Solar plants - Reuters
CAIRO – 8 September 2017: Renewable energy resources will see robust growth over the coming few years as several countries started to shift to clean energy, Moody’s Investors Service said in a research note Wednesday.
Reducing reliance on traditional energy resources will support the renewable energy transition from being a “marginal” supplement to a key focus of national energy policies, Moody’s said.
It added that wind and solar plants have become competitive in several countries compared to fossil fuels as capital costs declined.
"Emerging markets are a key market for growth in renewables, with countries such as China and India leading the charge as new renewable become competitive with other sources of power even in developing nations," Swami Venkataraman, a senior vice president at Moody's said.
The less dependence on traditional resources, the fewer burdens that will be placed on governments and consumers, Moody’s said.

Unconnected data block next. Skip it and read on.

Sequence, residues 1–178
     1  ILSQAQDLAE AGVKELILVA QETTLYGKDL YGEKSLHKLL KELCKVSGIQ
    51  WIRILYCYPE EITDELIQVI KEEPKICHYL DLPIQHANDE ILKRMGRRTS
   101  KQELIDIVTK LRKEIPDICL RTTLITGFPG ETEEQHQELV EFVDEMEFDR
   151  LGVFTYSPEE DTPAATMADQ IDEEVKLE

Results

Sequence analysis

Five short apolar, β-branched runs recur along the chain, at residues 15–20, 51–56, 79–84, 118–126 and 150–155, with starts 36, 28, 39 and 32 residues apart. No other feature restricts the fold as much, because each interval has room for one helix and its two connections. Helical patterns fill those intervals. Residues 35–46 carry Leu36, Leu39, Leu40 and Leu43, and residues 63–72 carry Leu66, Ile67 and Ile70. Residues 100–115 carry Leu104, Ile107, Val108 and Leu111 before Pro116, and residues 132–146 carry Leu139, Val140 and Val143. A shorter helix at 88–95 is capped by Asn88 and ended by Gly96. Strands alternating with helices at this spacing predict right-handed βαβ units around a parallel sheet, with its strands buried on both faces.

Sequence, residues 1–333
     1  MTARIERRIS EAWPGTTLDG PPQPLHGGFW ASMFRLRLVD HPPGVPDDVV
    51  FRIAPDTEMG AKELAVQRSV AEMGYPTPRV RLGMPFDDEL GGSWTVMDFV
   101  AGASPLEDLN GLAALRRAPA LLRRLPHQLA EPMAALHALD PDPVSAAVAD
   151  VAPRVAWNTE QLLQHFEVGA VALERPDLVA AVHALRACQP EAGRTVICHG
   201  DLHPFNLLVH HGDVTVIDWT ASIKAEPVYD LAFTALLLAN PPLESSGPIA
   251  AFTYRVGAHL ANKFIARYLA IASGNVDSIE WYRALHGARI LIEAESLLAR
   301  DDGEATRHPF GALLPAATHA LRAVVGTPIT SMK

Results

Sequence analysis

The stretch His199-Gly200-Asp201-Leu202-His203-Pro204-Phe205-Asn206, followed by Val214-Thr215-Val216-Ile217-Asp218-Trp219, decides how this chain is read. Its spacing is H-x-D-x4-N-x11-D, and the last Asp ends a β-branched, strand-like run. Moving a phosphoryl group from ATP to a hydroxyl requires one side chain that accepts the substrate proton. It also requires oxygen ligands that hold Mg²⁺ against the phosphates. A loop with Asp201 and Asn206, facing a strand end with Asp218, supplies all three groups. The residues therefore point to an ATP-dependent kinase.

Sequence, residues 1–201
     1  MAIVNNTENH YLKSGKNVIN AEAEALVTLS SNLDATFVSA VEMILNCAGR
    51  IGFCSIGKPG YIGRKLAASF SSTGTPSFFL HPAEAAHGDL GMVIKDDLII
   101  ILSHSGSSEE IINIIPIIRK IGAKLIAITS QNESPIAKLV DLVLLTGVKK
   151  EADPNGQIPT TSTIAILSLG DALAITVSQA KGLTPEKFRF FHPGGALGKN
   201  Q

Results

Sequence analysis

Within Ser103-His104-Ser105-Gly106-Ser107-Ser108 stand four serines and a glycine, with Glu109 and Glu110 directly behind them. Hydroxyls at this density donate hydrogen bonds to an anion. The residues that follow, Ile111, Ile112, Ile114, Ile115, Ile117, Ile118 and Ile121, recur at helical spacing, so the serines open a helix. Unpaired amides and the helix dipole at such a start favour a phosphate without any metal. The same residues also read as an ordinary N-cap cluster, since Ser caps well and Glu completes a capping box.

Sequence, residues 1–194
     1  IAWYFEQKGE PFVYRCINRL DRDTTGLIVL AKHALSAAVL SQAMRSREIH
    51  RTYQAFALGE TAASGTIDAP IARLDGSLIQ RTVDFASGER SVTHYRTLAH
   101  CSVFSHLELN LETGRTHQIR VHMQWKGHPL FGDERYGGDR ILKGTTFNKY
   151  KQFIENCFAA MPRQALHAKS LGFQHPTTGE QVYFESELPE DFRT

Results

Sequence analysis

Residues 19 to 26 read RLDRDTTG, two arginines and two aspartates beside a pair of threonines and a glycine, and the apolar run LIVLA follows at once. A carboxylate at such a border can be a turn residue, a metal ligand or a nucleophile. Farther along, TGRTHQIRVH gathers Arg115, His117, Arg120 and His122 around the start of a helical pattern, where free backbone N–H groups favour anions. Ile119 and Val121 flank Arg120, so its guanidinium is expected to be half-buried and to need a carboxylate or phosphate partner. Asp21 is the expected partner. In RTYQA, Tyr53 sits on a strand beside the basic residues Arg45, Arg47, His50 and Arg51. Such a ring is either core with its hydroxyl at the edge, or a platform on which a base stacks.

Fueled by a severe energy shortage, the Egyptian government announced in September 2014 a mega project that will involve private sector companies in building solar plants in the governorates of Aswan, Minya and Hurghada under the ‘feed-in-tariff’ (FiT) scheme.
The plan, set by Minister of Electricity Mohamed Shaker, eyes generating 20 percent of Egypt’s energy supply from renewable energy resources by 2022.
Coming under the framework of the Paris Climate Agreement, development of Egypt’s solar energy sector will help reduce dependency on traditional gas-fired plants, which will eventually lead to saving more gas supplies that could benefit the budget if exported.